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Showing posts from July, 2018

Doctors say Brexit bad for the NHS

With the persistent underfunding of the National Health Service,  crippling 'efficiency savings' and increased pressure on doctors, nurses and other health care workers, it is little surprise that the doctors in the UK have shifted in the political spectrum.  A new study finds that a once generally 'Conservative' profession has now become more leftwing.

The survey published online in the Journal of Epidemiology & Community Health finds that British doctors are now mostly left-leaning and liberal minded...except for surgeons and high earners.

UK doctors think Britain’s exit from the European Union (EU), dubbed Brexit, will be very bad for the NHS.



As a group, they are predominantly left-wing and liberal-minded. But high earners tend to lean more to the right of the political spectrum, while surgeons are twice as likely as other specialties to express right-wing views.

When respondents rated their political beliefs on a scale of 0 (extremely left wing) to 10 (extreme…

Time to ban organophosphate pesticides?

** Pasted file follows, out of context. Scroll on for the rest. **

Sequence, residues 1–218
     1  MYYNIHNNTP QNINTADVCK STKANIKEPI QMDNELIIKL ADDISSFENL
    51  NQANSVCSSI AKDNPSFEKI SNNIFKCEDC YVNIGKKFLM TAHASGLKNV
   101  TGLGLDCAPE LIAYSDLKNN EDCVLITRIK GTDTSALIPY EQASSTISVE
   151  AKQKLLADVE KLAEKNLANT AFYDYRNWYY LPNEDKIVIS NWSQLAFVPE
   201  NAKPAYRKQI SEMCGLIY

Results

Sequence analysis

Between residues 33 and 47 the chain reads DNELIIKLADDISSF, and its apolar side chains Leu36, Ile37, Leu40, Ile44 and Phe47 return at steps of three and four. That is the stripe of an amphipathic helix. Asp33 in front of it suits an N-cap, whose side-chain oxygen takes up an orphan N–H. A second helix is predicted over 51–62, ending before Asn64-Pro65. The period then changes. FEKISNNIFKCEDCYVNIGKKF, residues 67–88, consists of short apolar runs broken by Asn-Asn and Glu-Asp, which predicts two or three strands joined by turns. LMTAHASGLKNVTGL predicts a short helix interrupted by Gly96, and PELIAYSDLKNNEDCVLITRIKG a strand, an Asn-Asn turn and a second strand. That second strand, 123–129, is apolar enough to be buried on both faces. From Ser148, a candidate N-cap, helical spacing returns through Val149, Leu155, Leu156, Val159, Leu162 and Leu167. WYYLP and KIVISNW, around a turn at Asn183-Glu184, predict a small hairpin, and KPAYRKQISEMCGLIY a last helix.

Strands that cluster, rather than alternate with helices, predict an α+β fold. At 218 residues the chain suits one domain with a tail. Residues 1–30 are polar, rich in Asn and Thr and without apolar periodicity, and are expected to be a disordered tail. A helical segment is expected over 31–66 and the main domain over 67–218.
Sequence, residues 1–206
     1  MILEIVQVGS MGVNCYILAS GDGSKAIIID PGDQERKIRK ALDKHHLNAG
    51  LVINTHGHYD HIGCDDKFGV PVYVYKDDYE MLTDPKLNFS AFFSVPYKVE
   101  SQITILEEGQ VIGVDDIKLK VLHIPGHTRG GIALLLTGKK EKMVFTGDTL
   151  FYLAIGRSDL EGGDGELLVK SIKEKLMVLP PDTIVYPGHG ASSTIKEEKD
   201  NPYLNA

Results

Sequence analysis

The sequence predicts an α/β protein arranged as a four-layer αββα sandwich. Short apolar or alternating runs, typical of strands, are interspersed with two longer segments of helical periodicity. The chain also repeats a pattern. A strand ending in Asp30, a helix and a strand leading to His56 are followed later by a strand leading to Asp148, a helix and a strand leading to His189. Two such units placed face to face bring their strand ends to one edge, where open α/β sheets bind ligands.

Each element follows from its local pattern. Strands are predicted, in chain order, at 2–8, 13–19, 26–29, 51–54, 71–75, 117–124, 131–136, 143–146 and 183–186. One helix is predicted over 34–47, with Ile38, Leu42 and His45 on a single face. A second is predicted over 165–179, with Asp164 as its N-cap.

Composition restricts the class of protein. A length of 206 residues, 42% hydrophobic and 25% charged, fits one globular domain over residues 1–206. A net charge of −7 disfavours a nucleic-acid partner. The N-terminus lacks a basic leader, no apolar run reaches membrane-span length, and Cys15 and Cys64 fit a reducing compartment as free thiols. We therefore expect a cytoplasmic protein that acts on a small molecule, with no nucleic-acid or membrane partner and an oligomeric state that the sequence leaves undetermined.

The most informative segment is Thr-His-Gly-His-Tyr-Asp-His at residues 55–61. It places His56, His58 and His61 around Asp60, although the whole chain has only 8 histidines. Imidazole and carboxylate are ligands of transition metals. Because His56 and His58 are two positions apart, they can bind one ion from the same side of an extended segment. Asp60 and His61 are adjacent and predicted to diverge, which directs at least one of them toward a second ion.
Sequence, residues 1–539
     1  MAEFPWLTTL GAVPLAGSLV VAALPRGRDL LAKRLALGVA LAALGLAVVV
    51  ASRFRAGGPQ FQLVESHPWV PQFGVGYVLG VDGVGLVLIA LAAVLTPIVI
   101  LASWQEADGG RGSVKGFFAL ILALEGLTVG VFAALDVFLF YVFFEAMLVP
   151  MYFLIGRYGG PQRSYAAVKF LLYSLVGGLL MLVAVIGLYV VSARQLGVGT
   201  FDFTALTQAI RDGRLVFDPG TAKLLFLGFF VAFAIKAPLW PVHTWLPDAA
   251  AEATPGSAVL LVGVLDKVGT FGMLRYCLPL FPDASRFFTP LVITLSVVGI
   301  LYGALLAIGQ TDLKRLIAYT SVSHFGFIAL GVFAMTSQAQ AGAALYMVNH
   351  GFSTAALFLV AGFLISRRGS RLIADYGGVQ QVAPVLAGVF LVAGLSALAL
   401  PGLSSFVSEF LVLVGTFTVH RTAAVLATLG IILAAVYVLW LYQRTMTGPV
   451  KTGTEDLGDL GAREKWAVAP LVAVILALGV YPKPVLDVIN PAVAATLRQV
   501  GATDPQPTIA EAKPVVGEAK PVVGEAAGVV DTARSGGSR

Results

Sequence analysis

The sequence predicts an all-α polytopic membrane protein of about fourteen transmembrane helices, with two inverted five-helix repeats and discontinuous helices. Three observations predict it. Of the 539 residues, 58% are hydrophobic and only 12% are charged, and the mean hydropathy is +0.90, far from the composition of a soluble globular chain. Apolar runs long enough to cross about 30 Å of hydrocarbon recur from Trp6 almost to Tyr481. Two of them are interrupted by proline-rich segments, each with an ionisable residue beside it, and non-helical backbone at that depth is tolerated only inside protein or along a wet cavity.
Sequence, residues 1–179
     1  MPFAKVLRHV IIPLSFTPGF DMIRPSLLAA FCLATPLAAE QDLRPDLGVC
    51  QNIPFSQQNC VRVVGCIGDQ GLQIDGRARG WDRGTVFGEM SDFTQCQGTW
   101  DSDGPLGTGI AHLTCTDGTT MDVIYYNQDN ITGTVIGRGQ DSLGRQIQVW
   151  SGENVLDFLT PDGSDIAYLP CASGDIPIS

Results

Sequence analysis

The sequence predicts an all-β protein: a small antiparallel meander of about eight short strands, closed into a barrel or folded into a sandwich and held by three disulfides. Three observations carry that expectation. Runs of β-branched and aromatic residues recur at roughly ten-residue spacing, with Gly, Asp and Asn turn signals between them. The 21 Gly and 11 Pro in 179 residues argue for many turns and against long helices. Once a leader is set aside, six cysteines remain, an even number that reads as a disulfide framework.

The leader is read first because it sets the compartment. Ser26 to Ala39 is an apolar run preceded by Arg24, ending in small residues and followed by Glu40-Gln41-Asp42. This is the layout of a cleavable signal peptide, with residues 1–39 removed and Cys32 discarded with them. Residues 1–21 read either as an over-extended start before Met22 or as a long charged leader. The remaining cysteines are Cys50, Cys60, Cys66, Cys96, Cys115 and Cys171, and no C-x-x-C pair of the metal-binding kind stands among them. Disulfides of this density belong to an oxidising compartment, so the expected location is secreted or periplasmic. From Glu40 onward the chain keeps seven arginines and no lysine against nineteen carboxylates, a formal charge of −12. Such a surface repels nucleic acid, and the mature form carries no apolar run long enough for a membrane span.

How would you react if your neighbour told you he was going to spray his garden with a neurotoxin used in WW2? "Oh don't worry!" he assures you, "it's only a low dose!"
"A neurotoxin?" you ask incredulously "Are you crazy?"
"It's very effective!" he asserts.
"How does it work?" you ask.
"It stops the pests' brains working" he asserts with a smile.  "Everyone uses it."
"But..."

Campaigners in the USA hope that with Scott Pruitt’s resignation, and with a new administrator Andrew Wheeler at the helm of the Environmental Protection Agency (EPA), this presents another chance to apply pressure and achieve a national ban in the United States on the organophosphate pesticide chlorpyrifos once and for all.



Organophosphate insecticides, such as diazinon, chlorpyrifos, disulfoton, azinphos-methyl, and fonofos, have been used widely in agriculture and in household applications as pesticides si…

Are late-night meals affecting our health?

Is your late night meal delivering cancer on a plate? Are late night meals affecting your health?  A new study suggests timing of late night meals is linked to cancer risk.
Modern lifestyles have profoundly changed our eating habits. Our food consumption is now often out of step with our circadian rhythms.

We eat to fit into our busy lifestyles, rather than adjusting our lives to our eating needs.  How many of us have late night meals and go to bed soon after eating? 
A body of evidence now suggests that this mismatch,  or 'mistiming',  can  profoundly affect our health.
Lifestyles driving eating habits.  Experimental and epidemiological evidence shows that long term disruption of endogenous circadian rhythms, in particular due to exposure to light at night, may be associated with a wide range of common diseases, including cancer, cardiovascular diseases, obesity and type 2 diabetes.  Now this new study provides some evidence to show that this extends to our night-time eating…

Exporting carbon emissions